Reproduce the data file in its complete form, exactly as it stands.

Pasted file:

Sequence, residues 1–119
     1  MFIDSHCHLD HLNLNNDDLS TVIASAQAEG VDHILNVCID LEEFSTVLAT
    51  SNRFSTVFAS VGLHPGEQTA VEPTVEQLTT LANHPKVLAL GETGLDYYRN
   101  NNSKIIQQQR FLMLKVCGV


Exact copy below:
Sequence, residues 1–119
     1  MFIDSHCHLD HLNLNNDDLS TVIASAQAEG VDHILNVCID LEEFSTVLAT
    51  SNRFSTVFAS VGLHPGEQTA VEPTVEQLTT LANHPKVLAL GETGLDYYRN
   101  NNSKIIQQQR FLMLKVCGV